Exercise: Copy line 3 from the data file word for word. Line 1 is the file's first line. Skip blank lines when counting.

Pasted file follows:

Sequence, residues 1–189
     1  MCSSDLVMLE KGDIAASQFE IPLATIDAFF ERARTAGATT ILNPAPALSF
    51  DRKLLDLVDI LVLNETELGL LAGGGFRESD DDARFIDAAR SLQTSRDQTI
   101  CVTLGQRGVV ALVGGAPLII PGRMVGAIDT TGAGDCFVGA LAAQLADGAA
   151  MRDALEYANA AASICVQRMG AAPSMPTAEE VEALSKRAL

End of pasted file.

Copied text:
    51  DRKLLDLVDI LVLNETELGL LAGGGFRESD DDARFIDAAR SLQTSRDQTI